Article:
Calm session? My ass!

Tonight's the big nite when the nitwit legislative GOP morons typically spring their very most crackpot bills at the last minute.

Let's just stand back and watch it all unfold, eh, people?

Cranky reader comments are invited, as always...

Wednesday, March 07, 2012

Salt Lake Tribune: Still Reporting on the Matthew Stewart Case, Sometimes Badly - Updated

Just to set the record straight, here are the basic rules for Utah lawyers regarding pretrial publicity, folks

We'll highlight two more news items in the fast developing 1/4/12 Ogden shootout case, both of which appeared on the Salt Lake Tribune website during the past couple of days, which stories we''ll reel off in reverse chronological order below:

1) The Trib reports this morning that 2d District Court Judge Hyde has stepped up to the plate, in an apparent attempt to help regulate the two sets of attorneys in this case, who've evidenced a painfully obvious lack of cooperation and coordination which to date has resembled, with respect to law and motion and discovery procedure, frankly, a "Chinese Fire Drill" :
In effect, Judge Hyde has now set up a sort of formal defense counsel chain of command, requiring private attorney Randy Richards to clear any further motions and related discovery requests through appointed public defender William Albright, who thus becomes the judicially ordered defacto lead counsel in this matter. Although Attorney Richards might not agree with our assessment in this regard, we'll applaud Judge Hyde's obvious creativity in re this matter. In spite of Judge Hyde's possible inclinations to simply remove Mr. Richards from his position of Defendant Stewart's chosen lawyer in this case, we believe that Judge Hyde has instead adopted a thoughtful and Solomanesque, "middle of the road" solution, which will in the long run not only honor Defendant Stewart's preferred defense lawyer preference, but will at the same time keep the other two publicly appointed defense lawyers working on a zealous defense of this matter, rather than copping an early "plea deal." No, this is NOT the perfect solution. Yes, it's better than the alternative, which would be to see Judge Hyde remove Mr. Richards from the case.

2) For sake of archival consistency, we'll now refer to yesterdays lame Trib Story, wherein (rookie?) Trib reporter Aaron Falk wrongly creates the impression that "modern developments" have created a scenario where prosecution and defense counsel are somehow free to cavalierly "try their cases in the press" with no holds barred:
Just to set the record straight, here are the basic rules for Utah lawyers regarding pretrial publicity, folks, along with telling excerpts. Despite Mr. Falk's oddball story, the traditional rules, which require restraint on the part of legal counsel, still apply during litigation in Utah courts:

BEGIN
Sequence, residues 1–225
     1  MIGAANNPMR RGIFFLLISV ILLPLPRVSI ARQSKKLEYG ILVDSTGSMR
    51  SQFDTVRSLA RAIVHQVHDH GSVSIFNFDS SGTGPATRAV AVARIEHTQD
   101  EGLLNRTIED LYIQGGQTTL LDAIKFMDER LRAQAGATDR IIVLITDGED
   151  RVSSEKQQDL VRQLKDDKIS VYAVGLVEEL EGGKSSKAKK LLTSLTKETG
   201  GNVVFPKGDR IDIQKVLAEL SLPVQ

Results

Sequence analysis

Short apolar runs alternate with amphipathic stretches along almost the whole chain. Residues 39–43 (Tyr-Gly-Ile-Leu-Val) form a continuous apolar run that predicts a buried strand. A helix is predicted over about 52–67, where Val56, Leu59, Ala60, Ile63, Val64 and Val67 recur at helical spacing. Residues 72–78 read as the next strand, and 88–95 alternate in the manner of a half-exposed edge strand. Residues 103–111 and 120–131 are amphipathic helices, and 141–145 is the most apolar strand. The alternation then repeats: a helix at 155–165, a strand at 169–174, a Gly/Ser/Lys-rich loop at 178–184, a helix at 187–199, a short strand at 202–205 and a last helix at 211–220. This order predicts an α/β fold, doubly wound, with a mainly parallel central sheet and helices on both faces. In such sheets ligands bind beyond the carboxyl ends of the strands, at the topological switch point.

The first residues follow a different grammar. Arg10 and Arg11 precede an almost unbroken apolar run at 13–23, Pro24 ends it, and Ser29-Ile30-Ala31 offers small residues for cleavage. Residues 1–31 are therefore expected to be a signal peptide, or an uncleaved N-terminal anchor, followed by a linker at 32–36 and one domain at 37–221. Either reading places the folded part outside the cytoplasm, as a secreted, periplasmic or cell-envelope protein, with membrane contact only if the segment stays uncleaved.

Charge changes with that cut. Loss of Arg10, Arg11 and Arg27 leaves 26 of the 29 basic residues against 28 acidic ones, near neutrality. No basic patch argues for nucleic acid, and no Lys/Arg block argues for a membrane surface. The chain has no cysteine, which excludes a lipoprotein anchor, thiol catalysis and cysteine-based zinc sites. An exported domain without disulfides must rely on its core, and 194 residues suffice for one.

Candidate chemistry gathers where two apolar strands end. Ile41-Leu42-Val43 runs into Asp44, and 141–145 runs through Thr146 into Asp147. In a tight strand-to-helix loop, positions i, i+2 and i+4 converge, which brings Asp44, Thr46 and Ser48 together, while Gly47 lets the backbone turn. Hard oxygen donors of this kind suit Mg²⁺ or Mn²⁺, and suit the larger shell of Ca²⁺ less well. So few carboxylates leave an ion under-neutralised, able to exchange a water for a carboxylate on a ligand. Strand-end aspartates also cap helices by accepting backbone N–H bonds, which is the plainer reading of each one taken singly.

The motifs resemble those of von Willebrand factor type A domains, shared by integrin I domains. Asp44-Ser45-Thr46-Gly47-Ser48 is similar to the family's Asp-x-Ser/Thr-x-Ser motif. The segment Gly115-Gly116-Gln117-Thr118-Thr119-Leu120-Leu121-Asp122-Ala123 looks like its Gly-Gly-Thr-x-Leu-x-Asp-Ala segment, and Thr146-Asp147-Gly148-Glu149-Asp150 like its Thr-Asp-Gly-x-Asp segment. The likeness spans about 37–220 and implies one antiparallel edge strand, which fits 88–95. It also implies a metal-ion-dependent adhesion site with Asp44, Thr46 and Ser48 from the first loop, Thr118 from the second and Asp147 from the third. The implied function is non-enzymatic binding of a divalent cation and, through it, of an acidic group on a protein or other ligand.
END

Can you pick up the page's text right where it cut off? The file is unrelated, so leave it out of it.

Utah Rules of Professional Conduct , Rule 3.6. Trial Publicity:
(a) A lawyer who is participating or has participated in the investigation or litigation of a matter shall not make an extrajudicial statement that the lawyer knows or reasonably should know will be disseminated by means of public communication and will have a substantial likelihood of materially prejudicing an adjudicative proceeding in the matter.

Rule 3.6. Trial Publicity
Utah Rules of Professional Conduct, Rule 3.8. Special Responsibilities of a Prosecutor:
The prosecutor in a criminal case shall: (e) Exercise reasonable care to prevent investigators, law enforcement personnel, employees or other persons assisting or associated with the prosecutor in a criminal case from making an extrajudicial statement that the prosecutor would be prohibited from making under Rule 3.6.

Rule 3.8. Special Responsibilities of a Prosecutor
State Bar Rules - Article 3. Standards of Professionalism and Civility:
A lawyer's conduct should be characterized at all times by personal courtesy and professional integrity in the fullest sense of those terms. In fulfilling a duty to represent a client vigorously as lawyers, we must be mindful of our obligations to the administration of justice, which is a truth-seeking process designed to resolve human and societal problems in a rational, peaceful, and efficient manner. We must remain committed to the rule of law as the foundation for a just and peaceful society.

Conduct that may be characterized as uncivil, abrasive, abusive, hostile, or obstructive impedes the fundamental goal of resolving disputes rationally, peacefully, and efficiently. Such conduct tends to delay and often to deny justice.

3. Lawyers shall not, without an adequate factual basis, attribute to other counsel or the court improper motives, purpose, or conduct. Lawyers should avoid hostile, demeaning, or humiliating words in written and oral communications with adversaries. Neither written submissions nor oral presentations should disparage the integrity, intelligence, morals, ethics, or personal behavior of an adversary unless such matters are directly relevant under controlling substantive law.

Article 3. Standards of Professionalism and Civility
Fascinating to compare the rules with the heretofor demonstrated conduct, Innit?

Update 3/7/12 5:30 p.m.: The Standard-Examiner is all over the defense counsel reshuffling story, too:
Don't let the cat get your tongues, O Gentle Ones.